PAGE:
1970–1971 and 1971–1972 seasons – Invited the Pierrot Players, directed by Max and Harry, to perform in the RMCM Student Union concerts. This went down badly with the college authorities, but very well with Manchester audiences. Planned 1972-1973 season which included Manchester debut of London Sinfonietta playing Max, Harry, Alexander Goehr and Elgar Howarth.
1971–1976 – Worked for, among others, the Welsh Arts Council and Arnolfini Music, curated concerts for Chapter Arts Centre and the National Museum of Wales and promoted international pianists, including Vladimir Ashkenazy and Radu Lupu, in British venues.
1973 – Max gave a harpsichord recital at the Arnolfini, where I was music organiser.
Anthony Payne Joint Artistic Director of Spitalfields Festival, 1995–1997
1966 – I met Tony, then best known as a journalist, on the beach at Aldeburgh during the festival, the day he was engaged to Jane Manning, later a regular Spitalfields performer, who also performed at the Arnolfini in the early 1970s.
1991 – Premiere of Aspects of Love and Contentment, an arrangement of songs by Peter Warlock, for Jane Manning and Jane’s Minstrels, at Spitalfields Festival.
1996 – Premiere of Break, break, break for Trinity Choir and Richard Marlowe, jointly commissioned by Spitalfields and Cheltenham Music festivals.
Richard Rodney Bennett
1971 – I attended a rehearsal in the Jubilee Hall in Aldeburgh for the world premiere of his Oboe Concerto, with Heinz Holliger and the English Chamber Orchestra. This was the first occasion I had heard a composer work with performers at a pre-premiere rehearsal.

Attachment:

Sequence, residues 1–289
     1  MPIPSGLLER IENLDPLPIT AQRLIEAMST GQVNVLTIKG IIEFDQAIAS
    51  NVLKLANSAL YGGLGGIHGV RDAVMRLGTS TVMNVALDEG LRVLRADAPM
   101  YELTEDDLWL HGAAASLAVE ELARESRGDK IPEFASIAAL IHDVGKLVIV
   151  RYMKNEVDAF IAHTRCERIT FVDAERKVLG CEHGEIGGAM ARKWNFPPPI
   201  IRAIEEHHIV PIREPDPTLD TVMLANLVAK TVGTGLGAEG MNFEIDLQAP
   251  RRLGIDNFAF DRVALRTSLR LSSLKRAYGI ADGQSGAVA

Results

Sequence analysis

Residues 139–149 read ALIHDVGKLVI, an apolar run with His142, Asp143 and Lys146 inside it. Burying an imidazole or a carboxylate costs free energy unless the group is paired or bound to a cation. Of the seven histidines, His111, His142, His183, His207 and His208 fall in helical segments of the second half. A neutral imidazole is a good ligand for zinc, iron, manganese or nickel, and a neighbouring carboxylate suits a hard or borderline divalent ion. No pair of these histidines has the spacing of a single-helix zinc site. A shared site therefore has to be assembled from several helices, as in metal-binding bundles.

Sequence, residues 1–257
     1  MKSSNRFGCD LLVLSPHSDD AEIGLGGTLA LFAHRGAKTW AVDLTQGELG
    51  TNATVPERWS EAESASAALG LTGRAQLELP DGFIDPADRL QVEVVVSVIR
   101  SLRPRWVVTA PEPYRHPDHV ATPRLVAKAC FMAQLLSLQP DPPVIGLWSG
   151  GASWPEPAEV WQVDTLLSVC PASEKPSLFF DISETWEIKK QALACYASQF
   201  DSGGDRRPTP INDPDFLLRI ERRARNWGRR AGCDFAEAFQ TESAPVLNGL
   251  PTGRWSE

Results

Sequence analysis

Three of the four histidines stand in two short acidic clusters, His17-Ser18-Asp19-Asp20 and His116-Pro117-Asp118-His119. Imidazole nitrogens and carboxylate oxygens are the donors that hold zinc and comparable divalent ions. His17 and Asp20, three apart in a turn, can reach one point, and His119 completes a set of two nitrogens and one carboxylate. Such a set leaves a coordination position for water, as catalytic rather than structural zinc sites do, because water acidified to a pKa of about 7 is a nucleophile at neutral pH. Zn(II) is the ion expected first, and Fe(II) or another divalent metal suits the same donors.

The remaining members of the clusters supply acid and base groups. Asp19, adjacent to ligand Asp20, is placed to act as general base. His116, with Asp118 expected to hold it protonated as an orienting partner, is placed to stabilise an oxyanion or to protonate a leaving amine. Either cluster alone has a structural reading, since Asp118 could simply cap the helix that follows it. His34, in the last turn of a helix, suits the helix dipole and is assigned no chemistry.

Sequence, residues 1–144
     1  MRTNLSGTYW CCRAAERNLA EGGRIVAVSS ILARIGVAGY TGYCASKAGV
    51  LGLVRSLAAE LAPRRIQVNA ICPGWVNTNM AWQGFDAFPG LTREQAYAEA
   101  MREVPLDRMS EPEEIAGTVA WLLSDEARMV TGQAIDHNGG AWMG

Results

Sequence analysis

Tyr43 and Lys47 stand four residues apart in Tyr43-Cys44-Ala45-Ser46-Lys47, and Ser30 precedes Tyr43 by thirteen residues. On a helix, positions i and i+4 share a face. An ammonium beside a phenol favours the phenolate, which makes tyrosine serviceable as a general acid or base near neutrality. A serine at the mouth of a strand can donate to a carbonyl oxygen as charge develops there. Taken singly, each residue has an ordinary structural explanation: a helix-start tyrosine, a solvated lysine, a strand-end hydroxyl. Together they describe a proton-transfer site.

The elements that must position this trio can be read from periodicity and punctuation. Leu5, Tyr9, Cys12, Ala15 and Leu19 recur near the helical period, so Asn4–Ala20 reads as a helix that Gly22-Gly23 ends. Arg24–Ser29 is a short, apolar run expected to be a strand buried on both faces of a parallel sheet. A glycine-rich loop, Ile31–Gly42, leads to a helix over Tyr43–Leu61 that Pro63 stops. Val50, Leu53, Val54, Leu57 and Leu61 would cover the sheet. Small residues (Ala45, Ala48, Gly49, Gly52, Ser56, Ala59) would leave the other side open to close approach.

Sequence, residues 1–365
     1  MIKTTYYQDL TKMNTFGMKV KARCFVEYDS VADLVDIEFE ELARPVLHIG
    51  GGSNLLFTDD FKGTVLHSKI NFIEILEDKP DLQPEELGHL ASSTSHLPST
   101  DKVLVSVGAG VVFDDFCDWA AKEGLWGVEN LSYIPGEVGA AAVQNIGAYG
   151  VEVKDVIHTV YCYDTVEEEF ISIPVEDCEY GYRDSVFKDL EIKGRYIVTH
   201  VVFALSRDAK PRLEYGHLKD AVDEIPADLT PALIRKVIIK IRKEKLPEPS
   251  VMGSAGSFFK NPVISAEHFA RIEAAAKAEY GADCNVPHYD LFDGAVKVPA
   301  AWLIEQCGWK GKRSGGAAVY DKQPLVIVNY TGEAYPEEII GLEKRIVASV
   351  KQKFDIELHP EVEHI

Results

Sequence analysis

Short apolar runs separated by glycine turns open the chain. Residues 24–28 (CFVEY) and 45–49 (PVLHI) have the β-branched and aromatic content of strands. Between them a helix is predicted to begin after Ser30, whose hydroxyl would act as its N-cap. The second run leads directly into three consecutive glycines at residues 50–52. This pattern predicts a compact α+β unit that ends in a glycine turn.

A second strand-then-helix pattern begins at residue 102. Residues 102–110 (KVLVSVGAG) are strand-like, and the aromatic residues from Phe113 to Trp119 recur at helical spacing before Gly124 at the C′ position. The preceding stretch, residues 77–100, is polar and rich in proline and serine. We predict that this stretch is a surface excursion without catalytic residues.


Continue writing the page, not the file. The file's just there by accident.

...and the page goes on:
2003 – Met Richard when he appeared in cabaret with Jonathan Lemalu at a Spitalfields Festival event at Wilton’s Music Hall, London.
Anthony Burton Guest Artistic Director of Spitalfields Festival, Summer 2001
1973 – Tony rang me from a public phone box from Manchester, as well prepared as ever with a stack of coins, to ask if a friend of his should apply to run Arnolfini Music, the post I was about to leave. His friend, Jane Wells, applied for and got the job. We didn’t meet until 1975, when we both attended a Tippett concert at the Arnolfini.
1977–1986 – I managed the Taverner Choir, Consort and Players, directed by Andrew Parrott, learning much about authentic performance.
Diana Burrell Artistic Director of Spitalfields Festival, 2006–2009
Mid-1980s – Richard Fallas, Diana’s partner, taught both my children at the Centre for Young Musicians, which their children also attended. Diana’s involvement at Spitalfields Festival went back many years: as a viola player she performed in the first concerts with the City of London Sinfonia and Richard Hickox, a fellow student at Cambridge. Richard commissioned her first major work, Missa Sancte Endeliente (1980), which was performed at the 1983 Spitalfields Festival.
1991 – Barrow was premiered by Jane’s Minstrels at Spitalfields Festival.
Early 1980s –before mobiles and emails, I spoke to Melvyn when phoning a landline to book his partner Paul Boucher, a violinist, to play with the Taverner Players.
1985 – I first met Melvyn when I booked him in 1985 for a BBC concert in Edinburgh for European Music Year with the Taverner Players. The BBC chartered a plane to fly us to Edinburgh and put up a chamber orchestra in the Waverley Hotel.